In other words, Ford’s success was summed up by this Boston Globe headline: “Ford Says Culture Change Has Led to Success.”
Culture change is not easy to achieve. Six steps are necessary to attain a cultural change for profits.
It’s not just a matter of knowing the automotive business.
Many businesspeople make a big mistake — they only consider hiring people from within their industries without regard for all the necessary skill sets. Mr. Mulally didn’t have automotive experience, but his management and manufacturing skills were transferable from the aircraft industry.
Simply put, solid business principles are applicable in all industries.
Lessons from Ford
Here are seven basic ingredients for a business game-changer:
True leaders are strong, knowledgeable, and manage risks. They oversee all fundamentals but delegate – finance, marketing, operations, product management and customer service. Executives must also have a team spirit – an environment of collaboration.
For success, emotional intelligence is an important quality.
Top managers possess skills in analyzing their strengths, weaknesses, opportunities and threats in strategic planning. They avoid complacency and must continually fine-tune the company when appropriate.
How? They habitually practicing the Principle of Contrary Action, which is a process of learning how to keep an open mind. That stems from taking contrary action in all that you do and keeping a mental record of it. Then, taking a different approach every time you do it.
Managers must outline their master plan, stay focused and inspire the staff – the frontline responders to the marketplace – where the proverbial tire meets the road.
Nothing great has ever been accomplished without enthusiasm and passion.
4. Best Practices
Senior management must inspire best practices for quality in all areas. Creating value is job one.
5. Mobility and flexibility
The 21st century marketplace requires quickness and mobility. This also means empowering all workers in decision-making and in being proactive.
6. Listening skills
Effective managers are approachable. In a proverbial sense, they walk the floor twice a day to interface with their employees. They hire managers and staff members who, too, are effective in listening skills.
That’s the first step for a motivated staff and creating profits.
If need be, they get outside help. Without even looking at financials, an astute outside participant will always be able to ascertain the success potential of a company merely by listening and watching the interactions between management and staff.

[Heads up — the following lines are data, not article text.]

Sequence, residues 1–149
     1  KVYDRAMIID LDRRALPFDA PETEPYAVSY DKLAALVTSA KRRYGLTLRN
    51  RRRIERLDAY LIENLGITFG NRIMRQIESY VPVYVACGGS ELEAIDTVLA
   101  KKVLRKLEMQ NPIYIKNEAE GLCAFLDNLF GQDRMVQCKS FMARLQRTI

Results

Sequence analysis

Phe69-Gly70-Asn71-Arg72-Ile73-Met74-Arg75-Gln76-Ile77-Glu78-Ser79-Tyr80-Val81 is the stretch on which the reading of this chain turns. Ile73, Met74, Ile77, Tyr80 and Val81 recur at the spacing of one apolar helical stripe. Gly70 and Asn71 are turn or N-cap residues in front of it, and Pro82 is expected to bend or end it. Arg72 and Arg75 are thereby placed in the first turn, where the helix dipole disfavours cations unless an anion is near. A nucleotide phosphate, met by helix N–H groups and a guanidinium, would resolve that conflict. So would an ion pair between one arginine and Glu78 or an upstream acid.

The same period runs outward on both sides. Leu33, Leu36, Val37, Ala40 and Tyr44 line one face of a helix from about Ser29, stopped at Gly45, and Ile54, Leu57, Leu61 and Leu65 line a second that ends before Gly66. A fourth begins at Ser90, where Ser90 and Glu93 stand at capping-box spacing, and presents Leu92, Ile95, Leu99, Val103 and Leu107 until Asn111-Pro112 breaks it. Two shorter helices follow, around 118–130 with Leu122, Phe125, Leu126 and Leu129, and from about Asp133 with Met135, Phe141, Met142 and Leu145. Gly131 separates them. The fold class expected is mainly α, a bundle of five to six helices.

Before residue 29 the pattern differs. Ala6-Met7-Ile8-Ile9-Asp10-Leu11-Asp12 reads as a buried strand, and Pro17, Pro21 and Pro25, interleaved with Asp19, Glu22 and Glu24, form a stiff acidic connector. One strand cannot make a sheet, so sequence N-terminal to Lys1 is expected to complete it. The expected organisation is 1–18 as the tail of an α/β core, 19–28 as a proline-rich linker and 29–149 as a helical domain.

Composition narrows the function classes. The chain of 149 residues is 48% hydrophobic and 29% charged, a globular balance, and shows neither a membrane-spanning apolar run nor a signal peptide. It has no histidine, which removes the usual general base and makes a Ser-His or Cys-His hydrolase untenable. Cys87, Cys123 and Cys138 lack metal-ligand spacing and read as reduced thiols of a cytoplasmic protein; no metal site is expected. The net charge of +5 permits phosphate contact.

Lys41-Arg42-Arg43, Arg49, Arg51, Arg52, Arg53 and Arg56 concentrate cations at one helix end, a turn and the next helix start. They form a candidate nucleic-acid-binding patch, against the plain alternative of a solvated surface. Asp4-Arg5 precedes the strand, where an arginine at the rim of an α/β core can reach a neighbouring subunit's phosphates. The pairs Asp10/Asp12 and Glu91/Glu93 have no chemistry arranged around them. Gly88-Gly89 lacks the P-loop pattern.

Good, open communication is required internally with the team members and with the customers and marketplace. In this way, you’ll take great steps in inspiring loyalty from customers.
Let’s hope Mr. Hinrichs is right. And the company has learned from the successes of Messrs. Ford, Iacocca and Mulally.
From the Coach’s Corner, suggested related topics:
Profitability: 8 Ways to Create a Disruptive Business Model – Businesses seeking the spotlight and staying ahead of the competition should look for opportunities to embrace change and act quickly to be a first-mover in disruption. Here’s how.
Risk Management – Making Best Decisions, Using Right Tactics — To prevent a crisis from interfering with the continuity of your business, you must strategically plan to manage any potential risks. That means avoiding the classic mistakes routinely made by companies, and making the right decisions for proactive measures to minimize any dangers.
Management — 5 Frequent Causes of Cost Overruns and Failures — Extensive research shows how and why corporate projects result in cost overruns and failures. The academic study is entitled, ‘Yes Men’ Are Killing Corporate Projects. The research reported rampant misreporting of project statuses at all levels of the companies. The errant information is prompted from cultural predispositions to career aspirations.
18 Leadership Strategies to Earn Employee Respect — Here are 18 strategies to profit from good labor relations, and to leverage the perspective of employees – your company’s human capital.
20 Tell-Tale Signs You’re Underperforming as a Manager — Managers can often struggle whether they’re new or experienced. Poor management, of course, leads to poor performance. As red flags, underperforming managers share one of two common traits with ineffective employees. Such managers aren’t fully aware of their shortcomings. Even if they are aware of deficiencies, they’re afraid to admit it.
10 Steps to Manage Conflict for High Performance — For progress, a business needs human interaction for ideas and innovation. Sometimes, argument, debate and conflict prove to be productive catalysts for high performance. But such catalysts can be obstacles to success, too. Here are the simplest ways to manage conflict.
“In preparing for battle I have always found that plans are useless, but planning is indispensable.”
-Dwight D. Eisenhower